One year ago, we started our seasonal greetings by stating that “2020 has certainly been an exceptional year”. Now, a year later, we could very well start this email by saying the same thing. At the end of the previous year, we thought, with vaccination campaigns starting, the new year can only be better. Shortly after, we found ourselves in even stronger lockdown situations than before. After being a bit more relaxed over summer, we are now facing even more shocking news about intensive care units that are reaching the limits of their capacities. Therefore, we hope that you and your families and friends got through this intense period without having to cope with serious physical and mental harm.
Nonetheless, we would like to use this opportunity to emphasize a few delightful things that happened in the past year. We are proud that we managed to keep imageandpeace.com and our followers regularly updated with new content as regards publications, exhibitions, interesting projects and so on.
The highlight certainly was the publication of a new artwork, “Reimpressions,” by Ana Catarina Pinho. In her video installation and archival photograph, the artist “explores vernacular photographies and its potential towards reframing pre-established categories, knowledge regimes and discursive reconstructions”. Please take a quick moment of your time and enjoy Ana Catarina’s work; and do revisit the other artworks published on the website.
We are also grateful for Tiffany Fairey’s guest contribution to imageandpeace.com: “Participatory, Community and Citizen Photography as Peace Photography,” in which Tiffany introduces the 3-year Leverhulme research project, Imaging Peace, that she is currently leading. We hope that we can intensify the cooperation with Tiffany in 2022.
In September, a podcast was published in which Frank talks to Alice König and Nicholas Wiater, the principal investigators of the Visualizing War project at the University of St Andrews, about the constructive function of social conflict, the visibility of peace in a world seemingly dominated by violence, and the relationship between war photography and peace photography. We are grateful for this wonderful opportunity and hope to continue our conversation in 2022.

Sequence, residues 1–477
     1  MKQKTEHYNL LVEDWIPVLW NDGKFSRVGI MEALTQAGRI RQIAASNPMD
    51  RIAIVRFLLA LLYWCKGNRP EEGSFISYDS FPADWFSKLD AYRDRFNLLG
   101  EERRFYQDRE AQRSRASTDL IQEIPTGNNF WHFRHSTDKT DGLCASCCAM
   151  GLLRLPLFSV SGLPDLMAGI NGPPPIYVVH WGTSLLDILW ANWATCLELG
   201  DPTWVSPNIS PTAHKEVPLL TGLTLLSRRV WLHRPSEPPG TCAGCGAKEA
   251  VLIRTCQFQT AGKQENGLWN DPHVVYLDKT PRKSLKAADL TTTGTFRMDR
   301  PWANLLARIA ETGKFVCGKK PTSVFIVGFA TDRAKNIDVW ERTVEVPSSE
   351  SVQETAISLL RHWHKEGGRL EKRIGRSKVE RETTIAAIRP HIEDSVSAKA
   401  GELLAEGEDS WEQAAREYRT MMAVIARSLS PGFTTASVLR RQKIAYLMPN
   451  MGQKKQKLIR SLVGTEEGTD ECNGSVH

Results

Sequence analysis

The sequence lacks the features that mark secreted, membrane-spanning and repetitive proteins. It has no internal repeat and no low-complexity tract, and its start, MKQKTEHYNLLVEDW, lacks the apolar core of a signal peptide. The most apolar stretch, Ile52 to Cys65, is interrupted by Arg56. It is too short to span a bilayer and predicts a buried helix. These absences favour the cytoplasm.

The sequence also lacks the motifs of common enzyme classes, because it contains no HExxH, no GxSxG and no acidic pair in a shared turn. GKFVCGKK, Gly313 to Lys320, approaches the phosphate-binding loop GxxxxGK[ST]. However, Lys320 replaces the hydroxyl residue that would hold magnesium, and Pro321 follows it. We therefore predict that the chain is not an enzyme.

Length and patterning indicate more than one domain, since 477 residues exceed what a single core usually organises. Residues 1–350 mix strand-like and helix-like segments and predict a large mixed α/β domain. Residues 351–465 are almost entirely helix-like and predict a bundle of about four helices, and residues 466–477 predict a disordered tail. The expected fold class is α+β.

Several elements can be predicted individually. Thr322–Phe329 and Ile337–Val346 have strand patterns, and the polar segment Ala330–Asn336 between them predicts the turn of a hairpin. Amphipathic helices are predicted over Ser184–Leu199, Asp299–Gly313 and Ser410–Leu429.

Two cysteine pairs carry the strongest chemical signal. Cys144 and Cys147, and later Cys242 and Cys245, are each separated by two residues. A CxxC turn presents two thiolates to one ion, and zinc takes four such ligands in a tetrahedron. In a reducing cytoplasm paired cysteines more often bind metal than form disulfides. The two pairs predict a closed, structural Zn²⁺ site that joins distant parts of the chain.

Finally, we would like to use the opportunity to do some self-promoting regarding two articles that will shortly be published:
• First, in the 50th anniversary issue of the Journal of the Finnish Association for Peace Research, Kosmopolis, we engage with the role of images in peace mediation and launch what we call applied visual peace research.
• Secondly, we are proud to announce that our long-standing collaboration with Rune Saugmann Andersen has led to an article in International Political Sociology where we establish visual appropriation as a research method for the study of the international.
And we are happy to announce that the journal Media, War, and Conflict has accepted for publication an article titled “Messiness in Photography, War, and Transitions to Peace – Revisiting Bosnia: Uncertain Paths to Peace.” In this article we discuss Fred Ritchin and Gilles Peress’s interactive photojournalistic project Bosnia: Uncertain Paths to Peace that was published in the New York Times in 1996. We identify this project as an important precursor to current war photography, acknowledging the messiness of violent conflict rather than reducing it to simple but misleading narratives. We are happy that this publication coincides with the 30-years commemoration, in 2022, of the siege of Sarajevo which started in 1992.
We hope that you like and benefit, in one way or another, from imageandpeace.com and we appreciate whenever you spread the word about it. We also invite you to get in touch with us directly and are grateful for emails.
For you as well as your family and friends, we wish you a pleasant turn of the year. Stay healthy!